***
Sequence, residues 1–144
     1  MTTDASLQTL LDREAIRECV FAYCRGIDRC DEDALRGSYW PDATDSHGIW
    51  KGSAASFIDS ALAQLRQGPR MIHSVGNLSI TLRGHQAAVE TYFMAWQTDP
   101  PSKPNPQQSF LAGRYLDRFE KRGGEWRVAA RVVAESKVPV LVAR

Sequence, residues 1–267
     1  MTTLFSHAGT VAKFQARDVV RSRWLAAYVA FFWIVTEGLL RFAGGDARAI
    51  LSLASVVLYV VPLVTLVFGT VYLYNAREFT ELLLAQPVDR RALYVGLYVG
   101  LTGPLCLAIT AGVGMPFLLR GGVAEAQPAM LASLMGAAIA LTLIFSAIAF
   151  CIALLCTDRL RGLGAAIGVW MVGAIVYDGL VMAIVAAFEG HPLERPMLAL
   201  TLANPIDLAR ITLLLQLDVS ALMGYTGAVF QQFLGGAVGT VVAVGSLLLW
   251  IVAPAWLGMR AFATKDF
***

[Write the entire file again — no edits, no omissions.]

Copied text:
Sequence, residues 1–144
     1  MTTDASLQTL LDREAIRECV FAYCRGIDRC DEDALRGSYW PDATDSHGIW
    51  KGSAASFIDS ALAQLRQGPR MIHSVGNLSI TLRGHQAAVE TYFMAWQTDP
   101  PSKPNPQQSF LAGRYLDRFE KRGGEWRVAA RVVAESKVPV LVAR

Sequence, residues 1–267
     1  MTTLFSHAGT VAKFQARDVV RSRWLAAYVA FFWIVTEGLL RFAGGDARAI
    51  LSLASVVLYV VPLVTLVFGT VYLYNAREFT ELLLAQPVDR RALYVGLYVG
   101  LTGPLCLAIT AGVGMPFLLR GGVAEAQPAM LASLMGAAIA LTLIFSAIAF
   151  CIALLCTDRL RGLGAAIGVW MVGAIVYDGL VMAIVAAFEG HPLERPMLAL
   201  TLANPIDLAR ITLLLQLDVS ALMGYTGAVF QQFLGGAVGT VVAVGSLLLW
   251  IVAPAWLGMR AFATKDF